Published Feb 01, 2006Given that The New World is only the fifth film that artful director Terrence Malick has released since 1969 (among them Badlands and The Thin Red Line), each one should be treasured as potentially his last. At the same time, the very rarity of the event builds expectations possibly beyond what a single film could fulfil. No worries on that front when it comes to The New World Malick has once again created a stunningly beautiful piece of work with startling imagery, lyrical storytelling and a complex, layered examination of the interaction between two cultures.
The New World is yet another telling of the arrival of English settlers to North American shores, where they encounter, impact, battle and fundamentally transform the culture of the aboriginal people they discover. As the petulant English settler John Smith, Irishman Colin Farrell does a good job balancing his flight from English strictures (many Puritan travellers had reason to seek a new life) with his naïve fascination with the "naturals" he encounters, particularly stunningly beautiful and radiant newcomer Q'Orianka Kilcher playing the Pocahontas role. When her tribe takes Smith in as the Pilgrims face a brutal first winter, it is she who serves as ambassador, translator and guide; as the most cherished of the chief's many daughters, the slow ebb of her loyalties to Smith is taken as the greatest betrayal.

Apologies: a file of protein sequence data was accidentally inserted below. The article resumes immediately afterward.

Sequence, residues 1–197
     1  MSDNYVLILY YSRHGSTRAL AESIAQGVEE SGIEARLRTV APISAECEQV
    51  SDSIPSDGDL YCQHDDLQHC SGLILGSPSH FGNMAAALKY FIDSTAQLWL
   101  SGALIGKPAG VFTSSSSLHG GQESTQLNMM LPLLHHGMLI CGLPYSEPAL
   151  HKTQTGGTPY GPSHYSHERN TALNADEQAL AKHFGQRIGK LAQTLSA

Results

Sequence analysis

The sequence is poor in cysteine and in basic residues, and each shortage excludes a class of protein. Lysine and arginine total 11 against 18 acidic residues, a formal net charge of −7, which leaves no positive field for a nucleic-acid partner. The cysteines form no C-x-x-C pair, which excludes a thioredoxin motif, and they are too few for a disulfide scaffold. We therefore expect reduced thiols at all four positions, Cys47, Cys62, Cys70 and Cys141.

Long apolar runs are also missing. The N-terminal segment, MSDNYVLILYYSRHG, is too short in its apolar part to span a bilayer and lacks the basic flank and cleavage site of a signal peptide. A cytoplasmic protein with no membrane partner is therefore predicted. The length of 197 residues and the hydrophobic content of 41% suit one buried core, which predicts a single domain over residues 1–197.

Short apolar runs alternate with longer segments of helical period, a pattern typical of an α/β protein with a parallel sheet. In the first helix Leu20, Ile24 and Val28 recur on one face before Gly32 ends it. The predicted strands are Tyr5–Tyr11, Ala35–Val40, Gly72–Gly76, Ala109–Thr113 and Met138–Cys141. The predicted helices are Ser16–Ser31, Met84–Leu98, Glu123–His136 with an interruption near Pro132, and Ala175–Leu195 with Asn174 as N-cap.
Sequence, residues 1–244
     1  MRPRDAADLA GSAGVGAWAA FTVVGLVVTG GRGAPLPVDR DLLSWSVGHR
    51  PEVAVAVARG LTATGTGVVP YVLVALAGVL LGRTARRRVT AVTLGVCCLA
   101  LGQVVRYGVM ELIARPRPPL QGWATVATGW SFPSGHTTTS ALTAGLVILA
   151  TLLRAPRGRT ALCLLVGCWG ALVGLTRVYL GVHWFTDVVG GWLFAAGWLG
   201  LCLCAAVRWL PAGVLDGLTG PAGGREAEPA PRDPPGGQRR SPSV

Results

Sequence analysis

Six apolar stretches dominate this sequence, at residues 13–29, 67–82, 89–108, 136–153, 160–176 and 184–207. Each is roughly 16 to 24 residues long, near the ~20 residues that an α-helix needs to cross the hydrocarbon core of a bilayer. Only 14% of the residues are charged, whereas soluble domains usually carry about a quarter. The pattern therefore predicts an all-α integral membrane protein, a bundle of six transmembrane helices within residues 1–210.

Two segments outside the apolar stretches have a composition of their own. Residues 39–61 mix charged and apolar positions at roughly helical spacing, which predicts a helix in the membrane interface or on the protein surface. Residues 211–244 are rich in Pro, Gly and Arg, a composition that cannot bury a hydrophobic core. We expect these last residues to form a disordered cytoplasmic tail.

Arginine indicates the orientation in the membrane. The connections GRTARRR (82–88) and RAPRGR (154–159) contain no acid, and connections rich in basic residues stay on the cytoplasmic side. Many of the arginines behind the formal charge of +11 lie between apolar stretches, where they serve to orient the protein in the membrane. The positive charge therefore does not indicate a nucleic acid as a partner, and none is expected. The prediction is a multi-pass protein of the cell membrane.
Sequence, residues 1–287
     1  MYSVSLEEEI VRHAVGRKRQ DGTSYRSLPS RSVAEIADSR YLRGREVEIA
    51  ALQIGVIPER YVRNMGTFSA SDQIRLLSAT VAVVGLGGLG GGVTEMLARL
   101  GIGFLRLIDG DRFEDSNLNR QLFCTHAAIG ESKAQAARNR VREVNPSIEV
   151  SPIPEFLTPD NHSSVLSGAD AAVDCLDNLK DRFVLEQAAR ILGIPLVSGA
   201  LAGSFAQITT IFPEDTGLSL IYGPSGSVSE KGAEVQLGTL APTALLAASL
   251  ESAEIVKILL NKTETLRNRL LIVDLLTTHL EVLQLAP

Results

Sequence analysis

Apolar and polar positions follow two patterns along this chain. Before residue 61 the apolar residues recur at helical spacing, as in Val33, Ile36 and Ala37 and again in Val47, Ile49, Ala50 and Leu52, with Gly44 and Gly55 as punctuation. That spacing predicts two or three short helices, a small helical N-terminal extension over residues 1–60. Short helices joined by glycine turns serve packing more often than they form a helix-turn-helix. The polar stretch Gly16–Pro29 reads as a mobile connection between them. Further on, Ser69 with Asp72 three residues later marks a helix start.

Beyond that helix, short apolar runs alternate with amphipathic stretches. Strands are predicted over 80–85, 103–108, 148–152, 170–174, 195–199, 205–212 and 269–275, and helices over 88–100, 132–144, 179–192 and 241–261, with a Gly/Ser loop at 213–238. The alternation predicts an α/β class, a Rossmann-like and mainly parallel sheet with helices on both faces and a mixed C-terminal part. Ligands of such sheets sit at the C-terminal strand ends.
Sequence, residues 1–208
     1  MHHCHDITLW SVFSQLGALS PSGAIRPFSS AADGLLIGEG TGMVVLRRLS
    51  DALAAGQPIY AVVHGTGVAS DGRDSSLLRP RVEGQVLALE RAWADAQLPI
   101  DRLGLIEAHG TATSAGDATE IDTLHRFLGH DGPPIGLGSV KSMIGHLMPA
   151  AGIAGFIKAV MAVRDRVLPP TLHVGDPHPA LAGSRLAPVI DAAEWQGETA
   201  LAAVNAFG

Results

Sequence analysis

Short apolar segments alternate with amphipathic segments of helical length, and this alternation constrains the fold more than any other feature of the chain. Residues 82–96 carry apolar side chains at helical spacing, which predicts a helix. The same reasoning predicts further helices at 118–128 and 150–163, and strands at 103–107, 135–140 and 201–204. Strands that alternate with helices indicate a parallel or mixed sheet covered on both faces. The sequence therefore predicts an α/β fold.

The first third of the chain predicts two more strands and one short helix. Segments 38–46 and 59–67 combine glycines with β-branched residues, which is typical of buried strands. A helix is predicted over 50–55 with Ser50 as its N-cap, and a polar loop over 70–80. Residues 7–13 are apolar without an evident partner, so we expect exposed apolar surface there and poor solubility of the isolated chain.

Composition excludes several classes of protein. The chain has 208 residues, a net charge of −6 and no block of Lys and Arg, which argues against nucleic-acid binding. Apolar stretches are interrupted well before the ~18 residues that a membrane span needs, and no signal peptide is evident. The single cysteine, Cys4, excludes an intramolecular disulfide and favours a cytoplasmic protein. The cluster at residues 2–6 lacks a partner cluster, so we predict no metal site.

The challenge for Malick in retelling this tale is not just its familiarity thematically, but the ways in which "how it really happened" have been imprinted on the culture; add to that the whiff of political correctness that surely blows through the production offices of Hollywood executives eager to portray First Nations communities in a respectful light. The result could be the most ham-handed simultaneous vilification of the English and misguided beatification of Native culture. But with a deft hand, Malick (who also wrote) both bends to and dismantles those impulses. His portrayal of John Smith's enchantment with his new surroundings is appropriately soft-focus, dreamy and spectacular as it should be yet his portrayal of the Natives' subsequent brutality pulls no punches. Similarly, the English are not simply marauding, mindless brutes; their suffering through a brutal first winter is palpably harsh.
What Malick has managed to accomplish is really quite remarkable, finding new flesh on a thematic carcass seemingly picked completely clean, plumbing new complexities and nuances in an old tale often told. Mostly it's the result of his singular eye and uncompromising vision, one that we will hopefully see a few more times in his all-too-sporadic filmmaking career. (Alliance Atlantis)